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Quoting an document dealing with taxonomy of threats etc.:

An error is detected if its presence is indicated by an error message or error signal. Errors that are present but not detected are latent errors.

Please mind that this is not the same as a dormant fault, which is a defect in the code activated by certain events and producing error when it gets activated.

Also the latent error is an error caused by a fault but not causing a failure. I guess it will be common in multi layer applications, yet I cannot think of any example. But I do not understand one more thing - eventually it has to cause a failure, otherwise it would not be discovered at all, dont you think?

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2 Answers 2

Good example of a latent error

In 2005 a Boeing 777-2H6ER aircraft with the registration 9M-MRG, serial number 28414, operating as Malaysia Airlines Flight 124 flying from Perth to Kuala Lumpur experienced an ADIRU (air data inertial reference unit) fault resulting in uncommanded manoeuvres by the aircraft acting on false indications.

In that incident the incorrect data impacted all planes of movement while the aircraft was climbing through 38,000 feet (11,600 m). The aircraft pitched up and climbed to around 41,000 feet (12,500 m), with the stall warning activated. The pilots recovered the aircraft with the autopilot disengaged and requested a return to Perth. During the return to Perth, both the left and right autopilots were briefly activated by the crew, but in both instances the aircraft pitched down and banked to the right.

The aircraft was flown manually for the remainder of the flight and landed safely in Perth. There were no injuries and no damage to the aircraft. The ATSB (Australian Transport Safety Bureau) found that the main probable cause of this incident was a latent software error which allowed the ADIRU to use data from a failed accelerometer. The US Federal Aviation Administration issued Emergency Airworthiness Directive (AD) 2005-18-51 requiring all 777 operators to install upgraded software to resolve the error.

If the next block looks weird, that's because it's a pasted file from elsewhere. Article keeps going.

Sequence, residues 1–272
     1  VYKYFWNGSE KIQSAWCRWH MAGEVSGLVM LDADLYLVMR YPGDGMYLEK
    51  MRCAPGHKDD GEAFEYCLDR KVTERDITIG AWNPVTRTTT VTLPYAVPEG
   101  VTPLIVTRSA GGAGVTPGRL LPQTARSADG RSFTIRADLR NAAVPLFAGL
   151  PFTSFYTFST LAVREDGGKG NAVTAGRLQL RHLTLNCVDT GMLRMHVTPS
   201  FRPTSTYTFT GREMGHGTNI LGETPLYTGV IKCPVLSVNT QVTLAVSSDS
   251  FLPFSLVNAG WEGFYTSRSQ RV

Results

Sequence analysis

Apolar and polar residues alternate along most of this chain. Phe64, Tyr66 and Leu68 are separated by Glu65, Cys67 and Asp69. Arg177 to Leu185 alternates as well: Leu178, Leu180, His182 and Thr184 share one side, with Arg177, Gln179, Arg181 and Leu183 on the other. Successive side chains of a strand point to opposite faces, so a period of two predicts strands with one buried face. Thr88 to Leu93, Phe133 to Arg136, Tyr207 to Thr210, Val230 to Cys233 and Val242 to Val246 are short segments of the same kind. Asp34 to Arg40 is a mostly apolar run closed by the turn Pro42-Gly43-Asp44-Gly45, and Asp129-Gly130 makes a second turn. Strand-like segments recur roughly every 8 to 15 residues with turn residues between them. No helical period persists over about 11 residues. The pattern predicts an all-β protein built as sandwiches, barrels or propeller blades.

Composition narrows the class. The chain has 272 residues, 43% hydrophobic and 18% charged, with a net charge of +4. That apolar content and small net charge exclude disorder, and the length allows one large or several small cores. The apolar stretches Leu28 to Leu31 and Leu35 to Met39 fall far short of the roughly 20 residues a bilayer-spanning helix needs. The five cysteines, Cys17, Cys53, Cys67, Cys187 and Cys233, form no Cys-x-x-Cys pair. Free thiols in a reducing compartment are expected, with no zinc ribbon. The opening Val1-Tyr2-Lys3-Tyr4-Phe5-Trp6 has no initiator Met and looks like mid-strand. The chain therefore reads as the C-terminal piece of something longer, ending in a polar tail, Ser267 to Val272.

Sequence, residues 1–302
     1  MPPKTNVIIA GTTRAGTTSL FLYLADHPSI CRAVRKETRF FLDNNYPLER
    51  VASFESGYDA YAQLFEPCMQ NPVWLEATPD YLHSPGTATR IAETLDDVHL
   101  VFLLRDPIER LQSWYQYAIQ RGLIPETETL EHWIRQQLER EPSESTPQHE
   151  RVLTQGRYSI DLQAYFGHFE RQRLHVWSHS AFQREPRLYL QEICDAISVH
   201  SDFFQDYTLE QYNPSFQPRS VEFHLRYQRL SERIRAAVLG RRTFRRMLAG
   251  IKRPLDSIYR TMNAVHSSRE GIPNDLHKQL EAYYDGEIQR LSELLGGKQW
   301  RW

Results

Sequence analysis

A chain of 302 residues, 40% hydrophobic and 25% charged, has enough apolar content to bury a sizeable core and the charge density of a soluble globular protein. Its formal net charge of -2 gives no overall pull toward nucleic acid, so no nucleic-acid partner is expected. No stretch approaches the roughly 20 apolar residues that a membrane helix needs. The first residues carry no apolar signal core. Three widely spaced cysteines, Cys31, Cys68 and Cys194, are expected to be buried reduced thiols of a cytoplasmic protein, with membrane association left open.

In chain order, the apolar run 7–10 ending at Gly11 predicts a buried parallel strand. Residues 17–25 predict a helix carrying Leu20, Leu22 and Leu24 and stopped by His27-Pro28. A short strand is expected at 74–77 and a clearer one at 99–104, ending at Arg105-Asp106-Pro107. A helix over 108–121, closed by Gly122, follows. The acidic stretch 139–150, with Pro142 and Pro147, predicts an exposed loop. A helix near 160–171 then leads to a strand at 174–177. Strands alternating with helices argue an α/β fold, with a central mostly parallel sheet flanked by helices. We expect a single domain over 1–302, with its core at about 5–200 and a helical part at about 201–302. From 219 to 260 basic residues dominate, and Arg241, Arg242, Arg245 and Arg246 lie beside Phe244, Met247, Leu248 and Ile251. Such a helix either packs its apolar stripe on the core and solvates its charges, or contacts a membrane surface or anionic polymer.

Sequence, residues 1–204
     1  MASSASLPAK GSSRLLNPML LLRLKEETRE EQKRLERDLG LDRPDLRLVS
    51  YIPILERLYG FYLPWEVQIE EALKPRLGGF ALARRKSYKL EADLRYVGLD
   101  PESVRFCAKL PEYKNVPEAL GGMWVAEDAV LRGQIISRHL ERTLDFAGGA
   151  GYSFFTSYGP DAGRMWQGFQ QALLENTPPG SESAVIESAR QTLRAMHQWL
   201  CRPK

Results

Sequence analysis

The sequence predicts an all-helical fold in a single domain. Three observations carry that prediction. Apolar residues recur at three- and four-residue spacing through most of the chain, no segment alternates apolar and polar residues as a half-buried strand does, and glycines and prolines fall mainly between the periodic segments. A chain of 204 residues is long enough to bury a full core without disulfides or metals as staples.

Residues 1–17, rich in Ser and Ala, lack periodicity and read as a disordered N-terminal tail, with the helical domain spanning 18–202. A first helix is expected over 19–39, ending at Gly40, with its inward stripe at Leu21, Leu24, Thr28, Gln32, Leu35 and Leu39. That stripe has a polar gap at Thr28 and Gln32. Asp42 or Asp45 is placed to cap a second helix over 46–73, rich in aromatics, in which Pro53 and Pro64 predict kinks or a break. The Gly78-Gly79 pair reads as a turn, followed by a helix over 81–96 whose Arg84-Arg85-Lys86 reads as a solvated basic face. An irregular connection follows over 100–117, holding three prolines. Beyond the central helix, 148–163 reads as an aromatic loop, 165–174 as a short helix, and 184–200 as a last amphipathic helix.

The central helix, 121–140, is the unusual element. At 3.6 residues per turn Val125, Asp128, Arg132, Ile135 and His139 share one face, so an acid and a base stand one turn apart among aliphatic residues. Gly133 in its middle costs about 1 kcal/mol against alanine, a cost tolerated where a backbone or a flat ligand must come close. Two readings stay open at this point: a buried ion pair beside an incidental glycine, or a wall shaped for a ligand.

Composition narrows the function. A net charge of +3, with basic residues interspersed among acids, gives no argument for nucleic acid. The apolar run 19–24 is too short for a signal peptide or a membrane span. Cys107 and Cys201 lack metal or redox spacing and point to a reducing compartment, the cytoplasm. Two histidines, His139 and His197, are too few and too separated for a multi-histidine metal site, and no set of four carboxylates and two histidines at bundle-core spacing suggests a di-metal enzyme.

Source: https://en.wikipedia.org/wiki/Malaysia_Airlines_Flight_370#Aircraft

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I did some reading:

e terms "active" and "latent" as applied to errors were coined by James Reason.(1,2) Latent errors (or latent conditions) refer to less apparent failures of organisation or design that contributed to the occurrence of errors or allowed them to cause harm to workers. For instance, whereas the active failure in a particular adverse event may have been a mistake in programming a logic controller, a latent error might be that the institution uses multiple different software code, making programming errors more likely. Thus, latent errors are quite literally "accidents waiting to happen."

Latent errors are sometimes referred to as errors at the "blunt end," referring to the many layers of the safety management system that affect the person carrying out the task. Active failures, in contrast, are sometimes referred to as errors at the ?sharp end,? or the personnel involved in the performance of the task.

So, applying the above to software, to me it means:

  • Error signal - defect manifesting itself into fault of some sort
  • Latent error - root cause with side effects; side effects are considered detected errors

I guess your example (if search in my app is not case sensitive but should be) qualifies quite well to be named "latent error". Its active failure could be something like "search results are clobbered with irrelevant stuff"

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Thanks. Problem is that there is a terminology inconsistency: a defect is actually a fault in the code that produces the error (so its like defect manifesting itself into a malfunction). That "inactive" faults are called "dormant". Its pretty hard as authors are using different terms for the same stuff :( I would still say that my example would be active failure as the search does not work as specified (definiton of failure=deviation from the spec) –  user970696 Jul 30 '12 at 12:50
    
Yeah, this is not well put. Lets gather other opinions –  Roman Saveljev Jul 30 '12 at 12:57

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